The Whispering House by Rebecca Wade

A ghost story that starts out scarier than it ends, which is probably just as well for its middle grade audience. Or rather, this is a mystery that’s also a ghost story. Apparently the two main characters, Hannah and her friend Sam, have teamed up before, in a mystery called The Theft and the Miracle. Now Hannah’s family has temporarily moved into an old, hard-to-rent house across town, and the creepy happenings start piling up.

It seems a little girl named Maisie used to live in the house, and she died as a child, perhaps killed by witchcraft. Locked rooms, an old calendar page, a book of fairy tales, bad dreams, a weirdly marked doll, poltergeist-type activities, and Hannah’s own drawing of the dead girl combine to make Hannah jump and worry—and try to solve the mystery of what really happened to Maisie. The weirdness escalates and escalates until Hannah and Sam have their own haunted encounters with Maisie. Then they really do figure out what’s going on and lay the ghost to rest. Here’s a description of the doll:
The blue ribbon was a problem, however, and it took a lot of coaxing before the tight little knot yielded at last. Then Mom unfastened the dress and gently pulled it over the doll’s head. “Oh!” The exclamation came from both Hannah and her mother at once. They stared at the cloth body, naked save for the black boots. “What’s happened to her?” asked Hannah. “Don’t ask me!” All over the back, stomach, arms, and legs were dark yellowish-brown stains. Each was roughly the size of a small coin, and they were evenly spaced.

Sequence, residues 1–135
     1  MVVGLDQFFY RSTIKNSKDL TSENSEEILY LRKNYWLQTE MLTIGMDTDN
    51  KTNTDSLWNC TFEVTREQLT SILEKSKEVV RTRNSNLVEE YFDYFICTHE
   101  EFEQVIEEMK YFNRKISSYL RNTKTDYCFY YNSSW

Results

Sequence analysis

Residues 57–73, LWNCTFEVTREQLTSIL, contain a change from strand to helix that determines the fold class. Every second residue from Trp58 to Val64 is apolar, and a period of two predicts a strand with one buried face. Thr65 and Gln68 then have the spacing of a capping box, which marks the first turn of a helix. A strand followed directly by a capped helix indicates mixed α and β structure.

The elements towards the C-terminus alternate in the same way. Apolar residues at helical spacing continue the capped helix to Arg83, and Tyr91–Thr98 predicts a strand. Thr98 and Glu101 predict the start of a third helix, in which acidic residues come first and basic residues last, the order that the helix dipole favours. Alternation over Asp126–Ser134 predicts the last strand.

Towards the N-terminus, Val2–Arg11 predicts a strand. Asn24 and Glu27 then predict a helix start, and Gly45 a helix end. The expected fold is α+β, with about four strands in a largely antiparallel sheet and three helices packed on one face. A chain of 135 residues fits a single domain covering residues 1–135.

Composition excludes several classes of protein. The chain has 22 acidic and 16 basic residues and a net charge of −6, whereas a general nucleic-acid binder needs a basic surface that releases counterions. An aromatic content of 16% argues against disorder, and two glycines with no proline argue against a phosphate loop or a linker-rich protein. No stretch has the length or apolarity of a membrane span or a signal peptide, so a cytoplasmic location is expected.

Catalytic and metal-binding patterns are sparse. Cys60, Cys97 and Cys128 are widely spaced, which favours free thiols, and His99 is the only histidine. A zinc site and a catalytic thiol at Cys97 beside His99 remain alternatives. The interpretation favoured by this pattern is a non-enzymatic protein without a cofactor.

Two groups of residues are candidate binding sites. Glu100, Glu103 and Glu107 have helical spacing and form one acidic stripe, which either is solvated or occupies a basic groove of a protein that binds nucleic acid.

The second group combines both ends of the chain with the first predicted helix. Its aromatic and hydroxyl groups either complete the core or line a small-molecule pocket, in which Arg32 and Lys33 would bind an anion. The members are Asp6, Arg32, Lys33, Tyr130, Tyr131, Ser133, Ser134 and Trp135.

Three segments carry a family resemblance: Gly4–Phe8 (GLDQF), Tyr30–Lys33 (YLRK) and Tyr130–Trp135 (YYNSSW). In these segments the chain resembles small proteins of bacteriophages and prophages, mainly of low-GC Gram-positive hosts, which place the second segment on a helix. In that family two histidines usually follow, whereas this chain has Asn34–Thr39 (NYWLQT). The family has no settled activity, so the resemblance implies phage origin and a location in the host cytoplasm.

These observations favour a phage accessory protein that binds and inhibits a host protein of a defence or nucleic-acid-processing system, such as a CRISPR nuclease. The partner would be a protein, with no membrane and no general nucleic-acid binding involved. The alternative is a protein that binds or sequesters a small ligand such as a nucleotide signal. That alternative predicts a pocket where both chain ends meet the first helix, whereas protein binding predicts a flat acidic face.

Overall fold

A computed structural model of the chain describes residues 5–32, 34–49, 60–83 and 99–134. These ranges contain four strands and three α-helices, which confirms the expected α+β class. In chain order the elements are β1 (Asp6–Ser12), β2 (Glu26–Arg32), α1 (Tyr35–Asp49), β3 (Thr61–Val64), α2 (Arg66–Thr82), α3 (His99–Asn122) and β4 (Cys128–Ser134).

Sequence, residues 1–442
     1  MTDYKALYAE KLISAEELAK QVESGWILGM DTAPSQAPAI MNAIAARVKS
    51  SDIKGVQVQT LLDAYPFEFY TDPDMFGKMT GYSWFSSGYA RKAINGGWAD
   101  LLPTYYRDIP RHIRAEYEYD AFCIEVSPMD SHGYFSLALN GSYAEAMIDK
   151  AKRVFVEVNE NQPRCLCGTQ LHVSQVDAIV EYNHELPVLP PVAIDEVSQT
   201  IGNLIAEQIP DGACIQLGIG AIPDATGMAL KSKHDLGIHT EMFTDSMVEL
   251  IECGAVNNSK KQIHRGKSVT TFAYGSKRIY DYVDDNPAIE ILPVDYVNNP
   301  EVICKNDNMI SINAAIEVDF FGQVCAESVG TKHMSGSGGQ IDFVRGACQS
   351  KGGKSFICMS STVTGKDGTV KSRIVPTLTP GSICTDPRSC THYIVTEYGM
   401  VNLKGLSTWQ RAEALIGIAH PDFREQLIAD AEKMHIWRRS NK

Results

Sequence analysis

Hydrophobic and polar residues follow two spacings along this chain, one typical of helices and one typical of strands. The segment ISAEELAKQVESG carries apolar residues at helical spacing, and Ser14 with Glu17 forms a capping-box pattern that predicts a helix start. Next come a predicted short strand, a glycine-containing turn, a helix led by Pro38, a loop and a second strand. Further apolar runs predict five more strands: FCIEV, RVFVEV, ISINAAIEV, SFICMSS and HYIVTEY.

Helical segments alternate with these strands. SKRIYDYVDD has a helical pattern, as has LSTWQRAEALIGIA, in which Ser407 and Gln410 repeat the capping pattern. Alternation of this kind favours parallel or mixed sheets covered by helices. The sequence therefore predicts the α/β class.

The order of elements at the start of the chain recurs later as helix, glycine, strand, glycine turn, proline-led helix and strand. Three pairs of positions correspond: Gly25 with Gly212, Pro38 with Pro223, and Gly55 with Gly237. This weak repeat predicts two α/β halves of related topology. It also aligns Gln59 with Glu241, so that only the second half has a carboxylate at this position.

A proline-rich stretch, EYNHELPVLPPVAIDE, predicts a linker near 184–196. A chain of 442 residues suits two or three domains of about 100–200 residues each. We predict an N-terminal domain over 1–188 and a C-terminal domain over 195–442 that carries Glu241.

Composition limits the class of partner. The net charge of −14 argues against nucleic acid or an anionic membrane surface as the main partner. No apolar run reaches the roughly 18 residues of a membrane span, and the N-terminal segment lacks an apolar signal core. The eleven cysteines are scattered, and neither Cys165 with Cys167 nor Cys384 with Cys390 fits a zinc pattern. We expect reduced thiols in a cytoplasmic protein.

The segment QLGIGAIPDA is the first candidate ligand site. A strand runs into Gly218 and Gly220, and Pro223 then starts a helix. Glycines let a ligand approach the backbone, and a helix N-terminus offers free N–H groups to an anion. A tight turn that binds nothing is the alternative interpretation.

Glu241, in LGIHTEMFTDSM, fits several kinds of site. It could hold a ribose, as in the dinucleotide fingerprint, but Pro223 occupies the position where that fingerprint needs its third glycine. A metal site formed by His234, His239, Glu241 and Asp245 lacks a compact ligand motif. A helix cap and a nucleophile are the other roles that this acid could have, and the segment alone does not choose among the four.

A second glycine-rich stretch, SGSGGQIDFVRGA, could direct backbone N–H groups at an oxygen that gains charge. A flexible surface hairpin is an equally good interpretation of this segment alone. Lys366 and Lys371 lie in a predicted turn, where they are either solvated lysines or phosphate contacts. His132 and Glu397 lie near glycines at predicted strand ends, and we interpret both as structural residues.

As I mentioned, the pacing of this book is intriguing. The tension builds and builds in a truly shivery way. I was well and truly creeped out as a reader, and then the author took the story in an unexpectedly sweet direction. The story works, certainly, just not the way you think it will. And Wade draws on an intriguing bit of history in creating her resolution.

A nice ghost story for kids who like to be scared, but ultimately comforted rather than left scared. And an early Halloween contender, though of course you can read it any time of the year. I can see looking for Hannah and Sam’s first adventure and watching out for their next one.

Small Medium at Large by Joanne Levy

A rollicking story about a girl who is struck by lightning and can then talk to dead people. No, it’s not Meg Cabot’s 1-800-Where-R-You series, it’s a middle grade book from newcomer Joanne Levy.

There’s a lot to enjoy about this cheerful story. For one thing, main character Lilah Bloom and her BFF are Jewish, as is Lilah’s crush, Andrew Finkel. For another, in many ways this is a middle school story about the daily adventures of an ordinary girl. It just happens to have a few ghosts thrown in.